*** UPDATE WITHIN THE UPDATE ****
I was about to hit the “Publish” button to send this post out into the world. I went back to the Times to double check that I transcribed that bit about the Editor’s Selections correctly and what did I see but this article, uploaded to the Times site about an hour ago:
Published: April 16, 2009
In a bid to save millions of dollars in annual costs, The New York Times plans to eliminate several weekly sections, with other parts of the newspaper absorbing some of the content, Bill Keller, the executive editor, said on Thursday. The affected sections include Escapes, published on Fridays, and Sunday sections that only readers in the New York metropolitan area receive: City and regional sections named for New Jersey, Long Island, Westchester and Connecticut.
Those Sunday sections will disappear and The Times will create a new Sunday section combining some elements of them with new features about New York City and the region, and features that formerly appeared in the New York report. Each copy of that section will contain a “zoned” page with material specific to the part of the region where it is sold. The new section, still unnamed, will appear on May 24 at the earliest.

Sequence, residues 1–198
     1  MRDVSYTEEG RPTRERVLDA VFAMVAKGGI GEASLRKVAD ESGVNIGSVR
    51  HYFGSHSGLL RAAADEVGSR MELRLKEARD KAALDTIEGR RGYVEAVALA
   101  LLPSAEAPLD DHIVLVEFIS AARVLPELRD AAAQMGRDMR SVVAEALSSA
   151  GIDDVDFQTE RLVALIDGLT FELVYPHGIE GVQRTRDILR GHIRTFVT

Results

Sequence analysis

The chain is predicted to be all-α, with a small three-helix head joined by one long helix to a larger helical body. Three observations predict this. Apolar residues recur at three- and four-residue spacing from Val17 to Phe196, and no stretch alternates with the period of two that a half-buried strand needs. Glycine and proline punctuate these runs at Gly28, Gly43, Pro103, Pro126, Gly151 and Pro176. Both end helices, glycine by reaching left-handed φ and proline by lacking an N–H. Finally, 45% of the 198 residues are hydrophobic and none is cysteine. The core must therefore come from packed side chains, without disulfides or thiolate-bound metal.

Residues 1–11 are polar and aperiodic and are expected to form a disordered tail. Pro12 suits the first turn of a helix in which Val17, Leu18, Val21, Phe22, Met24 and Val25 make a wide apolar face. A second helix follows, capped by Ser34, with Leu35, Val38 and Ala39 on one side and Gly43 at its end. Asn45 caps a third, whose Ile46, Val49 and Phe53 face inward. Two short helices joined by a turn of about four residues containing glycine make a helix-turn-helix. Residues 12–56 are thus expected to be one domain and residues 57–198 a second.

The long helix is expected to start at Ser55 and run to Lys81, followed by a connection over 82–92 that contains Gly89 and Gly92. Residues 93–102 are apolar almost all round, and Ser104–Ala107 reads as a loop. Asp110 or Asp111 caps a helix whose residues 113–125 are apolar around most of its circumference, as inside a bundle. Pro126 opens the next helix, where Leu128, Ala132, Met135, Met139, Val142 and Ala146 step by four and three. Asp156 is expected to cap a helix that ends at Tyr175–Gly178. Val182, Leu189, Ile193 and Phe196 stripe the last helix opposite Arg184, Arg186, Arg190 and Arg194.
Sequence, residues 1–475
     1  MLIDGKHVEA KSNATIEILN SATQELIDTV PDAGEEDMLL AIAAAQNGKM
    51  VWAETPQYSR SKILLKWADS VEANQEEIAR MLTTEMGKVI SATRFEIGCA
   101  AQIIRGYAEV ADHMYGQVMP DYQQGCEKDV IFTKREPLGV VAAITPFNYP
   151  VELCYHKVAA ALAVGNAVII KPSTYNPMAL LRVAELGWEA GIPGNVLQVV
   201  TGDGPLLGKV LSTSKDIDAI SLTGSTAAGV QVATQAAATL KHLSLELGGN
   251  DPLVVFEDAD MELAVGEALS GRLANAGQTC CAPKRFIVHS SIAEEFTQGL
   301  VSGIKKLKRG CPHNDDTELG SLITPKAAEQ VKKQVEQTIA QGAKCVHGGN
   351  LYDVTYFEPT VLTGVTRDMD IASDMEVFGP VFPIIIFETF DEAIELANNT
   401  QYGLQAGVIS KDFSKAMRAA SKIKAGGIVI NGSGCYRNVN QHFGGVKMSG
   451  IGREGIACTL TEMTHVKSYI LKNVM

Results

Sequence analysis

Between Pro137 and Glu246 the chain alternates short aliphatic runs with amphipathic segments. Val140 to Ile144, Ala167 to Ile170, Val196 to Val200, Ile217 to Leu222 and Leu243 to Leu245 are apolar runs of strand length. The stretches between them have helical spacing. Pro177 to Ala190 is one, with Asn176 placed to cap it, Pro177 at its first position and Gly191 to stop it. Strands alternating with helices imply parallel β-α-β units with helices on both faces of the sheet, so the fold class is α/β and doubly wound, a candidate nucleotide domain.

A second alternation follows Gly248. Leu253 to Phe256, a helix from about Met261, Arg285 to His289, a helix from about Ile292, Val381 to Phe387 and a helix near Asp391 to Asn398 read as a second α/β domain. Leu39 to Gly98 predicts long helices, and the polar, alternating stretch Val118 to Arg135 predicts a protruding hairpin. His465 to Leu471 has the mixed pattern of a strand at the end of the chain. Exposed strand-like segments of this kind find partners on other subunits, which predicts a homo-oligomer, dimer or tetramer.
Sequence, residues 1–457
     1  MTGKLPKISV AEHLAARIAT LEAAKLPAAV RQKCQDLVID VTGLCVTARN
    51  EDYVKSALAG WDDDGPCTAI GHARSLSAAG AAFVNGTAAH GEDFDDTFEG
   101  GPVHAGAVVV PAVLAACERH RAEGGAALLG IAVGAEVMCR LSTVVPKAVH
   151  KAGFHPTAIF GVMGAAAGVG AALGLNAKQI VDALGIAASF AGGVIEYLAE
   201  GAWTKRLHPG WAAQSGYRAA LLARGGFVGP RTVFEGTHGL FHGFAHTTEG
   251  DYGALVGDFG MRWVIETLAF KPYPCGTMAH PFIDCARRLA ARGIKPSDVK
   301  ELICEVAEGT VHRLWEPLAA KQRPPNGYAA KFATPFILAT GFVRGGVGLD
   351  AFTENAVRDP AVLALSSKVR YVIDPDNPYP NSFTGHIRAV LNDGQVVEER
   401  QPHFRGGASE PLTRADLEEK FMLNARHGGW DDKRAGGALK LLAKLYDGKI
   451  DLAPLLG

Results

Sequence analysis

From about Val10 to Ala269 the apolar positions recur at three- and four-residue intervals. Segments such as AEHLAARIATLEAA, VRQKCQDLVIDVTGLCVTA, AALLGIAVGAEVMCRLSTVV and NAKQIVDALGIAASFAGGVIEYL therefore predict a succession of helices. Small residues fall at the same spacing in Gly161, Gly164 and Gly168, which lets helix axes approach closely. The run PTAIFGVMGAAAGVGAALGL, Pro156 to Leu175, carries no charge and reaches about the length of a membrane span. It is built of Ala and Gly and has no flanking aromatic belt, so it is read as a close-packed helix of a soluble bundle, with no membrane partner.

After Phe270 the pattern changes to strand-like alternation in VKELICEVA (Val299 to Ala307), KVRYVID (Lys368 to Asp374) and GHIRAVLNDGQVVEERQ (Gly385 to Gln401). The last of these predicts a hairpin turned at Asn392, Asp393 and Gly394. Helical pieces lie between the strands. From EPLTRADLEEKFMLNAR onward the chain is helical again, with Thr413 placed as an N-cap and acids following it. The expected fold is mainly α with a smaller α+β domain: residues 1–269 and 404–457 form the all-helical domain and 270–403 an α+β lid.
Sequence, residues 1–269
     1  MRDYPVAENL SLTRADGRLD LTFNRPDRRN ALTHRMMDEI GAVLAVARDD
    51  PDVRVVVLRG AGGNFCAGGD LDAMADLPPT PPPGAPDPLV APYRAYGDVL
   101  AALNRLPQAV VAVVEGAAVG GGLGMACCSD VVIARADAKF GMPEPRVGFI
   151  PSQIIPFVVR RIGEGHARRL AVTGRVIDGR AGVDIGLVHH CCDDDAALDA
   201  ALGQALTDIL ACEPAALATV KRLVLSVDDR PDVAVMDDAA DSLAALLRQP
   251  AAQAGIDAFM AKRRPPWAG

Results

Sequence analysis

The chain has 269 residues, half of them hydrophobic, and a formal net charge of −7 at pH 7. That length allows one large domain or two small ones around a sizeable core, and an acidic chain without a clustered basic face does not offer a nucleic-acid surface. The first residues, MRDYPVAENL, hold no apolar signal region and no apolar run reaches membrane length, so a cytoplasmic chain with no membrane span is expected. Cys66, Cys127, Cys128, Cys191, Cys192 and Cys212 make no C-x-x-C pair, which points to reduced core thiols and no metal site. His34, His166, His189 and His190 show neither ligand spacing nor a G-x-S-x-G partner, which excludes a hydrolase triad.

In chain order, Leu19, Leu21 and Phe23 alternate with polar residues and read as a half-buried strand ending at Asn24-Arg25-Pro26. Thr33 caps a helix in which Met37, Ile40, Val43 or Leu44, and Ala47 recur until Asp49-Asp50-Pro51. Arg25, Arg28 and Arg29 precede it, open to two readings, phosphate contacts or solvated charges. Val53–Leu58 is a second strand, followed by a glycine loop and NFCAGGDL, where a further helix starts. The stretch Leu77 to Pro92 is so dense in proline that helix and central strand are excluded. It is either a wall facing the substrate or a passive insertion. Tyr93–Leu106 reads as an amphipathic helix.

Breaking news from the region will continue to be included in the first section, along with national news. Also, starting May 1, Friday editions will no longer contain an Escapes section. Instead, parts of that section will be absorbed into the Weekend section. Beginning with the issue of May 10, The New York Times Magazine will no longer contain a regular fashion layout; fashion reporting and photography will continue in the T magazines published every few weeks, and in the weekly Sunday and Thursday Styles sections. The guide to each day’s newspaper printed on the second, third and fourth pages of the first section will be consolidated into a single page, much as it was until last year.
In an address to the newsroom three weeks ago, Mr. Keller signaled that some consolidation and belt-tightening were on the way. At that time, the salaries of non-union managers were cut 5 percent for the rest of the year, and members of the Newspaper Guild were asked to accept a similar cut to avoid layoffs.